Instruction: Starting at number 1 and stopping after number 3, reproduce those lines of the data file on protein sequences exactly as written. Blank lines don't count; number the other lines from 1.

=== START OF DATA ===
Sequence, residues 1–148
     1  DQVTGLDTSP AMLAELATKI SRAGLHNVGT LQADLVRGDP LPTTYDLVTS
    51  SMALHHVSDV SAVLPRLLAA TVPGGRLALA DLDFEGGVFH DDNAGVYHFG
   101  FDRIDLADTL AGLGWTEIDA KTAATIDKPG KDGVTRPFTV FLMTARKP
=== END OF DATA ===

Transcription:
Sequence, residues 1–148
     1  DQVTGLDTSP AMLAELATKI SRAGLHNVGT LQADLVRGDP LPTTYDLVTS
    51  SMALHHVSDV SAVLPRLLAA TVPGGRLALA DLDFEGGVFH DDNAGVYHFG